The human eye is a miraculous wonder. It can play havoc with photography in very subtle ways. Our eyes automatically focus on what we look at, so looking at something three feet in front of you, and then glancing at something 30 yards away, becomes virtually instantaneously in focus. Since a photograph usually captures just one moment in time there is an interesting way to deal with this little problem.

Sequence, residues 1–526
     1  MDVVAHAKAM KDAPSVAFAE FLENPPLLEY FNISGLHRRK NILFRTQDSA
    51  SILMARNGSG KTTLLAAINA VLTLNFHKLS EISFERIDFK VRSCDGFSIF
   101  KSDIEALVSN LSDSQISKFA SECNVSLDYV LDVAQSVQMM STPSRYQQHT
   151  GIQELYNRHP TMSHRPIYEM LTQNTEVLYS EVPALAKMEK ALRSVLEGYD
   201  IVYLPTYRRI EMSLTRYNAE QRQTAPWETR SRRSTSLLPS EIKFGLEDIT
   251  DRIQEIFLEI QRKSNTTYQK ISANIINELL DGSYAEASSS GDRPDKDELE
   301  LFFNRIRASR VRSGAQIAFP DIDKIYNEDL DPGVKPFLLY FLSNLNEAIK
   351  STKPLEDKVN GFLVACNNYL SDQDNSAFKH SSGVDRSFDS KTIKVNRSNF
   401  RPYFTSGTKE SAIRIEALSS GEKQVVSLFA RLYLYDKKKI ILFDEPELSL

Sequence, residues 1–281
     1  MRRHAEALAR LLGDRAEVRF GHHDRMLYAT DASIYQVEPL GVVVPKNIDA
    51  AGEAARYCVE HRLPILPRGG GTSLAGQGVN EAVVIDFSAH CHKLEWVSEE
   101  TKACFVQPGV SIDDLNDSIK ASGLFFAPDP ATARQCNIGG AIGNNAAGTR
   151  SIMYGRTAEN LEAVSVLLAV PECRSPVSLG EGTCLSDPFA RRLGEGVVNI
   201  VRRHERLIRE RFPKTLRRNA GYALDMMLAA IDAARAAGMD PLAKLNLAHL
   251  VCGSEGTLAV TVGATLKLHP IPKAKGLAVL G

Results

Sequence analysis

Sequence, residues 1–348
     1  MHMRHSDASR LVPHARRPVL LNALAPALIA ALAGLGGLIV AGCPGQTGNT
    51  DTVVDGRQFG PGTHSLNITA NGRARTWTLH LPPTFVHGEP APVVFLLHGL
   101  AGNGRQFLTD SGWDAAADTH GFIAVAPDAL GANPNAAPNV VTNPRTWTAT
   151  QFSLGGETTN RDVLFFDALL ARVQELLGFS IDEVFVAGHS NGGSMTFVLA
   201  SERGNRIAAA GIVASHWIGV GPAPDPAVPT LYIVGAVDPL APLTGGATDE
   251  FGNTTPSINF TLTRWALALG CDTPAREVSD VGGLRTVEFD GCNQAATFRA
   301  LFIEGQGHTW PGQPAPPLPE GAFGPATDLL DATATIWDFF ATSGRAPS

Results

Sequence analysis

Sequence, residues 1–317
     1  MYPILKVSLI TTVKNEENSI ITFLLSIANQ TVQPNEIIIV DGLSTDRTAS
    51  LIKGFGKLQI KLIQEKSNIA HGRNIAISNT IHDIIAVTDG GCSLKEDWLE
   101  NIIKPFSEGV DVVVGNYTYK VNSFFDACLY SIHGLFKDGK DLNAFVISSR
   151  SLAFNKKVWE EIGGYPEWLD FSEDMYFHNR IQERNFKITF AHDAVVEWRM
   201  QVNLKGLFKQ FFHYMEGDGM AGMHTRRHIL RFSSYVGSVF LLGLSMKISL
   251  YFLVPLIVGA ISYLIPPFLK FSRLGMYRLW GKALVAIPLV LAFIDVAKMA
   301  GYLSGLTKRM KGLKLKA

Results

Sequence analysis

Meet Jager (short for Jägermeister). When I took this picture I wanted both his eye and the tip of his nose to be in sharp focus. The problem was, they are different distances away from the focal plane, or sensor, of the camera. The camera can only focus accurately at one point a certain distance away. There are settings on the camera that appear to make the focal plane deeper, but even then the rest of the picture is just less out of focus. A solution, two pictures. Jager conveniently stayed still between my two photographs. In one I focused the camera on his eye, in the other, on the tip of his nose. I then laid the pictures over top of each other in Photoshop and brushed in the other area I wanted to be exactly in focus. It’s not a perfect answer (couldn’t use the idea on anything moving) but it works great for some things, like tired Labradors.